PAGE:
This post will provide an extensive tour of the interior which wasn't provided in the original post. The interior pictures are courtesy an anonymous contributor and will provide are very detailed look at the Albertsons Marketplace decor. As noted by a commenter to the original post, the new store has windows along the roof line similar to those in the old store.
This store is absolutely massive. It may very well be one Acme's largest. It does seem unnecessarily large however giving it the feeling of a huge warehouse. Perhaps a more intimate shopping experience here would have helped to counter the overblown shopping experience of Wegmans. Comments left after various articles on the closing of this store reveal that many Moorestown residents would prefer an alternative to the madness of Wegmans yet are not willing to pay the prices at Acme. Wegmans has been very successful in the past few years of changing it's perception of being a high-priced store. Something that Acme has yet to figure out how to do.
The Wild Harvest department not looking too inviting here. Acme's next round of decor, the Premium Fresh and Healthy package, maintains a similar store layout to these early to mid 2000's stores but reinvents the merchandising throughout the store. The newer PFH store loose the warehouse feel and offers a more intimate shopping experience by reducing the general lighting of the store and focusing attention on each department's merchandise.
The Albertsons Marketplace decor includes a big push on hair products.
The decor dies out in aisle 17.
The vitamin department could have used a little more of a
This photo taken just recently with the store having been cleared out of merchandise.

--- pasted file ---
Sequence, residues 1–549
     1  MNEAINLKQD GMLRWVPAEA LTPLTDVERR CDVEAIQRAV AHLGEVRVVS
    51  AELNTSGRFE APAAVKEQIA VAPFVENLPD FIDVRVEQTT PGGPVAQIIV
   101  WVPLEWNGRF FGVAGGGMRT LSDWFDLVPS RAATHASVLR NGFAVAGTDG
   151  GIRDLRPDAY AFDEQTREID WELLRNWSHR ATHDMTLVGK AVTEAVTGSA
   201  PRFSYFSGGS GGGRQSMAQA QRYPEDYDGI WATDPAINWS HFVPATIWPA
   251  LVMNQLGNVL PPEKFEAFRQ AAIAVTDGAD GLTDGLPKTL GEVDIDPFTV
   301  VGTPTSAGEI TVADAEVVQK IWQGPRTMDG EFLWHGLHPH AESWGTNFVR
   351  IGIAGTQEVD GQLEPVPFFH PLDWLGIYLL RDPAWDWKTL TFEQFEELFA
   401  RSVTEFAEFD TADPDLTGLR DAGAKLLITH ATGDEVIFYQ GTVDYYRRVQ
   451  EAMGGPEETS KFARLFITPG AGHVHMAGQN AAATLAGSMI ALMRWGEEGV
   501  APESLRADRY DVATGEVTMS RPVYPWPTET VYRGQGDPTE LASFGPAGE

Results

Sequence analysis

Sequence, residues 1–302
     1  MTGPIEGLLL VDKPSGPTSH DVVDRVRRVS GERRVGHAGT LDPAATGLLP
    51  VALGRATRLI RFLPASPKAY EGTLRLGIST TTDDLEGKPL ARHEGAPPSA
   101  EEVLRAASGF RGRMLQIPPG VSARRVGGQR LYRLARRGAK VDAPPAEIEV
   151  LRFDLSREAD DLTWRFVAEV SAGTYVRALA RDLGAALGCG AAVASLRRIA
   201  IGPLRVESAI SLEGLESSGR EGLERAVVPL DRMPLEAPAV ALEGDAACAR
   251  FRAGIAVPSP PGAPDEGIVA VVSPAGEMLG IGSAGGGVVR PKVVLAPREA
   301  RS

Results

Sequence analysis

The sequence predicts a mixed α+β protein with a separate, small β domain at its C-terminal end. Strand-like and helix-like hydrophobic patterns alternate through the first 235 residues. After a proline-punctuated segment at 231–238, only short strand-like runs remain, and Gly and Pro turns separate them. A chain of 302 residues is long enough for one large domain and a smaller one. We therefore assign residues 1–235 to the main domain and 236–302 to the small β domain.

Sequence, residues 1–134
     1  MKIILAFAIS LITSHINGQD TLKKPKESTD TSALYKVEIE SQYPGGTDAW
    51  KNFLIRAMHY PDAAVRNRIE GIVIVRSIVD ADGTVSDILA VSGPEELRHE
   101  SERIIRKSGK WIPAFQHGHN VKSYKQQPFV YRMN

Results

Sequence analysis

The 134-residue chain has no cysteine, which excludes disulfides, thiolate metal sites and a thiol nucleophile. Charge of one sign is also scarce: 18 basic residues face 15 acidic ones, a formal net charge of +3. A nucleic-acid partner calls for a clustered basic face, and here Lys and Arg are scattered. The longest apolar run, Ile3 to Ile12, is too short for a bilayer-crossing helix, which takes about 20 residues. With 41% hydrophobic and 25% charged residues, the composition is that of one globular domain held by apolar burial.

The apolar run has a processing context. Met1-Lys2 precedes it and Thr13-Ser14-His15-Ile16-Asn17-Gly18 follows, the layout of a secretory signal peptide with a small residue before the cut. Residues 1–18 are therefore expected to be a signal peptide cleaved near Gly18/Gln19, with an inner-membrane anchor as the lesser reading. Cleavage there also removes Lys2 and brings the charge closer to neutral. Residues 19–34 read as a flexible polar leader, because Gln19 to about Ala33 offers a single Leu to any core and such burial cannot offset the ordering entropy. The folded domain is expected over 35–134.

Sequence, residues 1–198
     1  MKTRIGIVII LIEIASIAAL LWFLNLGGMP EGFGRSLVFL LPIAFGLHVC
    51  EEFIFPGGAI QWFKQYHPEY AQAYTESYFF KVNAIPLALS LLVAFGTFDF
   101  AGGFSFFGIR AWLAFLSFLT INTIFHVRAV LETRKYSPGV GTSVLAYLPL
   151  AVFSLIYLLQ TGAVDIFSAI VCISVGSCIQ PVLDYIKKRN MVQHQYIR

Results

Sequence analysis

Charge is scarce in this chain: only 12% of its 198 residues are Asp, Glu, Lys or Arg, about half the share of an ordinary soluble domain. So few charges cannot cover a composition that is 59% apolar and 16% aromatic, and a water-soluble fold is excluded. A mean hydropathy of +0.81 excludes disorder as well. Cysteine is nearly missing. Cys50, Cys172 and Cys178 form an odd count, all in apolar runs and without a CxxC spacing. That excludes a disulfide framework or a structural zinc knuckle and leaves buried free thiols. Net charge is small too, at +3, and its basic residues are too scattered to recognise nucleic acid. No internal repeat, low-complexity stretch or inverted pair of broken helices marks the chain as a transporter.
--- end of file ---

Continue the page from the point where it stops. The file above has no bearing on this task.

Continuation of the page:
Unbelievable crowds at both Wegmans and Target. Seems as though Acme could have easily offered a compelling reason to pass by all of this craziness.
The "Small Acme", as it was affectionately referred to, closed the day after the new store opened. It remains abandoned to this day. The nearby Friends School purchased the property and spruced it up a bit by painting silhouettes of children on the windows. It's plans to convert the building into classroom space have apparently fallen through. Township officials would much rather see the building converted into retail space to help revitalize the downtown area. For detailed coverage of this store, please check out the original post.
The Acme Style Blog was established in January 2009 with the mission of preserving the history of Acme Markets.
The blog features pictures and stories of Acme grocery stores, including closed, abandoned and repurposed locations throughout Delaware, Maryland, New Jersey, New York and Pennsylvania with the hopes of eventually having every Acme and former Acme represented on the blog. Photo contributions are greatly appreciated and will be gladly credited as you wish.